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Taking time out for yourself during the holiday period

This page created 28 November 2011

By Anthony - ADAVIC Volunteer

The festive season, it’s enough to exacerbate anxiety in an artichoke.  Presents, tying up loose ends at work, family functions, doing the odd DIY job around the house, planning a holiday and what’s more; all that food, where is it going to go?  As far as I’m concerned, Christmas is just like a big hangover – every festive season I tell myself ‘I’m never doing that again’.  

Come this Christmas, you are likely to fall into one of two categories; 1 - you are an online subscriber to ‘’.  You have devised a list of people you must purchase a gift for, you have kept an eye on specific items all year and as they go on sale, you have swooped.  Item-by-item, your collaged collection of presents have systematically accumulated all year and you have  completed your Christmas shopping (or did you never stop?).  However, if you are anything like me, you fall in the second  category – you are destined to wind up on Christmas-eve at Chadstone shopping centre at around midnight.  Elbowing through the masses, your pockets will be over-flowing with hand-written lists spilling out as you curse the pyjama-clad teens running around not buying anything.  

It’s all just a little stressful, isn’t it?  Next thing you know, it’ll be 2012!  You’ll be back at work, exhausted from your holiday, have a half-finished veranda, patched up an argument you had with that family member you never really liked and carrying an extra 8 kilos from food you didn’t want to eat in the first place.  What happened to the books you wanted to read?  The cricket you wanted to watch?  And what happened to sipping margaritas lying in the sun naked on your backyard lawn?    

So I am going to try and change tact this festive season.  I have worked hard this year.  I am not in the financial position to climb in to a private jet and order my pilot to take me to Haiti.  But dammit, I want a holiday!

A mentor of mine is famous for saying - ‘I have planned nothing in my life, and that has kept me very busy’.  I think this is what can happen over the festive season. Tired of routine and managing time for work / studies / families etc. throughout the year, it’s tempting to neglect planning how you are going to rest over the festive season.  So this year, I’m taking my holiday seriously and plan to rejuvenate myself.  

Here’s how I’m going to do it…

The Sun

I think I remember what it looks like, but I’m not sure.  It’s bright, but it isn’t a computer screen because I remember my skin really liking it.  I am going to revel in wearing shorts and bright colours and singlets and sandals and sunglasses and I am going to inhale sun-screen every chance I get, even if it’s on a stranger.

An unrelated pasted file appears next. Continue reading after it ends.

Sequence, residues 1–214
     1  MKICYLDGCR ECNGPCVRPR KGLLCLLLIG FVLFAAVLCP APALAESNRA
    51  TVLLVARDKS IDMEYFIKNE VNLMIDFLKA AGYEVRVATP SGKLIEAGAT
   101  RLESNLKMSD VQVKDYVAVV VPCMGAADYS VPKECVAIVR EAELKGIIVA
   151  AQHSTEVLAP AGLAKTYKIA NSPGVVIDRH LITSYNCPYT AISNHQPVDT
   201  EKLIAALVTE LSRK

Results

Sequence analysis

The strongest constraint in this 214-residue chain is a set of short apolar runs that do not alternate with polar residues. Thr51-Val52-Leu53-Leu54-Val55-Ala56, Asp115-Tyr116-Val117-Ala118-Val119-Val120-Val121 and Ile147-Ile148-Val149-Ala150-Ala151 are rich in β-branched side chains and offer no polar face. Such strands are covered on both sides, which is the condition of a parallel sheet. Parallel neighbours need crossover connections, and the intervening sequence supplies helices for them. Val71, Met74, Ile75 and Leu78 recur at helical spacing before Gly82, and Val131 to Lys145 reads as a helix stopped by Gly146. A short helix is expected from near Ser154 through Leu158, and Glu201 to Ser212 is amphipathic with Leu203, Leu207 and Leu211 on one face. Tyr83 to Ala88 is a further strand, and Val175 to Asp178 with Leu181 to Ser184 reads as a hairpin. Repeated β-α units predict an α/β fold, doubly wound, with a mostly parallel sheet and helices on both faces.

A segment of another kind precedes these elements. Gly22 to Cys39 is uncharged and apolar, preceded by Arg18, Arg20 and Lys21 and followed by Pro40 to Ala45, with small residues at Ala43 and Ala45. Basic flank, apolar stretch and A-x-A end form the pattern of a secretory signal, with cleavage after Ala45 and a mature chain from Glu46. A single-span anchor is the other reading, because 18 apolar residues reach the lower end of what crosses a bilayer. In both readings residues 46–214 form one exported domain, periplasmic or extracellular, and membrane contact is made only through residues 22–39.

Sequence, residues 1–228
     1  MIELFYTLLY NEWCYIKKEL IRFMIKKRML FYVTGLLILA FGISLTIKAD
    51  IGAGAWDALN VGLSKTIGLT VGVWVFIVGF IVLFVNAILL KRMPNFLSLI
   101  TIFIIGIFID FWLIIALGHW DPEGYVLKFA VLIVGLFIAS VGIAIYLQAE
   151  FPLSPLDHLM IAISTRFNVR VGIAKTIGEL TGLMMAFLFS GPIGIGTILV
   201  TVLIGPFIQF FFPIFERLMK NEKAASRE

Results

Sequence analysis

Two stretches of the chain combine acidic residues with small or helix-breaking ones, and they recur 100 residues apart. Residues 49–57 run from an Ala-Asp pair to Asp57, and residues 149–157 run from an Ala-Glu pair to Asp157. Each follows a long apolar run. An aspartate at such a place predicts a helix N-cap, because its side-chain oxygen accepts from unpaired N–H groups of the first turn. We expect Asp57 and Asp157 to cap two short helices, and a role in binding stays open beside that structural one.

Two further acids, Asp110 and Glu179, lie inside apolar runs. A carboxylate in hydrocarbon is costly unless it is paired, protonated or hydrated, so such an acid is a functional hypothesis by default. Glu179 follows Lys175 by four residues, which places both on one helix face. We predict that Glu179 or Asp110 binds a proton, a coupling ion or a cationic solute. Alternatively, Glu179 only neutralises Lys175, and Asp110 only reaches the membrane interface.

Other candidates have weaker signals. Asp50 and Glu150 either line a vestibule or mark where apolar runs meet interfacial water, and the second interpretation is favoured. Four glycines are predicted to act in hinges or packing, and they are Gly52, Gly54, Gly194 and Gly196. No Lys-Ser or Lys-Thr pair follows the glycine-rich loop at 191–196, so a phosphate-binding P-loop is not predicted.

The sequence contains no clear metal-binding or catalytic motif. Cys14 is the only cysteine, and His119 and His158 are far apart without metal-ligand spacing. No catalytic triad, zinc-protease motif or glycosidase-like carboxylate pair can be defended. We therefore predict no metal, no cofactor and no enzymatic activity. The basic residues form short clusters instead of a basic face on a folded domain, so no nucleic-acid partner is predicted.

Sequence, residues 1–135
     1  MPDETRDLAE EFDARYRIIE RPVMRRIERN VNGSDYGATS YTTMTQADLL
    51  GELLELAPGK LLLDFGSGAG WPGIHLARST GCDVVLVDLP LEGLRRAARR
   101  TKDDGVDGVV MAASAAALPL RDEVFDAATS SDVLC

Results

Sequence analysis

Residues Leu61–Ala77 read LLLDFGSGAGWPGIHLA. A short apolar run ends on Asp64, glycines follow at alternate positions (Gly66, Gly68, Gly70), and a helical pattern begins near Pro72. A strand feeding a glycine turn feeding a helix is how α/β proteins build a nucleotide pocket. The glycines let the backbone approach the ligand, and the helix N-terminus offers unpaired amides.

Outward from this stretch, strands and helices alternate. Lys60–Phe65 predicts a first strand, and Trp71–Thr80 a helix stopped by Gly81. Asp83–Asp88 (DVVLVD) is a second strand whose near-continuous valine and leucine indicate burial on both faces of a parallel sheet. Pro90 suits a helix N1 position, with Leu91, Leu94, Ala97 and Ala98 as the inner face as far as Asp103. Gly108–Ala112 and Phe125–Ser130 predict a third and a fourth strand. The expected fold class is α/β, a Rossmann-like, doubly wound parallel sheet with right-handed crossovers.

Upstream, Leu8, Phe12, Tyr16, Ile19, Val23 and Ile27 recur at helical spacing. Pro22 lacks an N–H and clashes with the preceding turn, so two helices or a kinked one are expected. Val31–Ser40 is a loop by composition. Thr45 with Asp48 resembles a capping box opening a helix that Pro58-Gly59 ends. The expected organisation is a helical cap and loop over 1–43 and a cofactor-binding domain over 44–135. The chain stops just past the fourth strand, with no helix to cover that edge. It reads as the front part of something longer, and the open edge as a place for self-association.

I have fixed my bicycle so I can stay out of the car this holiday season and breathe in the summer goodness.  

I have sent out an email to all my friends saying that during the month of December, I will be stationed at a particular spot at the Botanical gardens every Friday afternoon from 4:30, armed with a picnic rug, bocce, second-hand board-games, a deck of cards, my harp and some munchies.  See you there.

The Body

I am going to attend 2 yoga sessions a week.  I find yoga such a good way to re-balance my breath and (hence) my mind.  It restores parity or propels some sort of psychological equilibrium.  I haven’t figured it out yet, all I know is that I walk out of the yoga studio with a much quieter mind than when I walked in.

I am also going to loosen the reigns on my eating diet and permit myself to enjoy some festive food.  One piece of cake will not send my body into fatty-turmoil…  And do I really need to attend the gym 5 sessions per week?  I think 3 will be just fine.

The Technology

Does any one else sometimes look at their phone and wonder, ‘who is in charge here’?  I find myself sitting on the computer and I don’t even know what I’m doing there.  Why at 2am, am I combing through the classified Guantanamo-bay prisoner-dossiers of Chad on Wikileaks?  I am turning the mobile phone off at nights and not turning it back on until after breakfast *GASP* (sorry mum).  I am going to read for half an hour every morning as soon as I wake up.  I will also only restrict myself to one hour of computer time per day.  

It’s not much, but it’s a start.  I am aiming for balance this festive season.  I know what I want to get out of it, and I think I have a plan of how I’m going to do it.  It’s easy for us to be seduced by the holiday season mentality and not actually organise how we are going to use that time to relax.  The answer of course, is balancing the two.  Here is a little story (paraphrased from Paolo Coelho’s ‘The Alchemist’) which I think captures the above rather neatly.  

A little boy goes to the palatial house of a wise woman who is known to possess the secrets of happiness.  He asks the woman to teach him how to obtain and maintain happiness.  The woman gives him a teaspoon with three drops of oil and tells him to walk all about her mansion house without spilling any of the oil. The boy walks and walks, all around the great house and returns with the oil in the teaspoon. The woman says, ‘very good, but did you see the enormous embroideries on my walls? Did you see the beauty of my rich garden, my marble halls and fountains?’  The boy says no. So she tells him to go back and have a look. The boy returns, and says he saw some beautiful, awe inspiring things.  The lady says, ‘very good, but where are my drops of oil’? The boy looks at the spoon, and finds it empty. The secret to happiness she says, is to be able to do both at the same time.

I’m planning on having a festive season full of rejuvenation and self-care.  It’s going to take a bit of work and planning, but I think I’ll pull through.  

Happy days…

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